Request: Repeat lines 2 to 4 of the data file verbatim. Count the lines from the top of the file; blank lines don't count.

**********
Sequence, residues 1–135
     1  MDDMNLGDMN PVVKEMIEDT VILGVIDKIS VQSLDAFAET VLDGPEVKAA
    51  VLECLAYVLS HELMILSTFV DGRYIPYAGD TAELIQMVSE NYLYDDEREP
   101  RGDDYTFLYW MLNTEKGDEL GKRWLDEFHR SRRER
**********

     1  MDDMNLGDMN PVVKEMIEDT VILGVIDKIS VQSLDAFAET VLDGPEVKAA
    51  VLECLAYVLS HELMILSTFV DGRYIPYAGD TAELIQMVSE NYLYDDEREP
   101  RGDDYTFLYW MLNTEKGDEL GKRWLDEFHR SRRER